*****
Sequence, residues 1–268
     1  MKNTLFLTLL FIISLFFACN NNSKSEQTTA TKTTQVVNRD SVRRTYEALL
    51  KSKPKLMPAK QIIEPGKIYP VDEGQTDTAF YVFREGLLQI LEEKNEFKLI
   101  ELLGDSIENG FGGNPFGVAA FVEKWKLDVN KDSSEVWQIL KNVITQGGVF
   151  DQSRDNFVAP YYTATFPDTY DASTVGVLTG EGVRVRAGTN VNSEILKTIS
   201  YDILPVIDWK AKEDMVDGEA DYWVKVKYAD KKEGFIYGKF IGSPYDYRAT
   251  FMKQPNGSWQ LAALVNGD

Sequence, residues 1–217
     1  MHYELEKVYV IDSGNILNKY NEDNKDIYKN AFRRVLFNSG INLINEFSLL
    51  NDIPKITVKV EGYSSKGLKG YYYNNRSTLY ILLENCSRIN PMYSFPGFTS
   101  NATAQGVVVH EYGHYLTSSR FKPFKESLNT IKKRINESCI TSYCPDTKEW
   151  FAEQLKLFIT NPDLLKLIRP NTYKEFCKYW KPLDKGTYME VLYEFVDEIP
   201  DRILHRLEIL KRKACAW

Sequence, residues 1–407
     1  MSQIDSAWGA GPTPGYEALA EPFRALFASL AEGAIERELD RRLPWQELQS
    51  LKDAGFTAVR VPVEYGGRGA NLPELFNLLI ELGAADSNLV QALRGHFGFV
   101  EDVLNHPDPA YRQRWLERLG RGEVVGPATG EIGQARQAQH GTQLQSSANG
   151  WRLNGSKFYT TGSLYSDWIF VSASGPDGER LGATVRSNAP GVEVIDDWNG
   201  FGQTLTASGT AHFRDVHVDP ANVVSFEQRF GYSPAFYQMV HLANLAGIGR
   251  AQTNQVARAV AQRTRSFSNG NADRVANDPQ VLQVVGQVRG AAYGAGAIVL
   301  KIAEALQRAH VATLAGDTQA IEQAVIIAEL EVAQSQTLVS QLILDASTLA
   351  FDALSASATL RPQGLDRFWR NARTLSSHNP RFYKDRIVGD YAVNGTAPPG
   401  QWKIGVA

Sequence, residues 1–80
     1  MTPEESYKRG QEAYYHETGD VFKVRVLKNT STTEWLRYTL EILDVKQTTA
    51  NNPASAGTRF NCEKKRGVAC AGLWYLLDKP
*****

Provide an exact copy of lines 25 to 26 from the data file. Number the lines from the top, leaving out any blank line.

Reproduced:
     1  MTPEESYKRG QEAYYHETGD VFKVRVLKNT STTEWLRYTL EILDVKQTTA
    51  NNPASAGTRF NCEKKRGVAC AGLWYLLDKP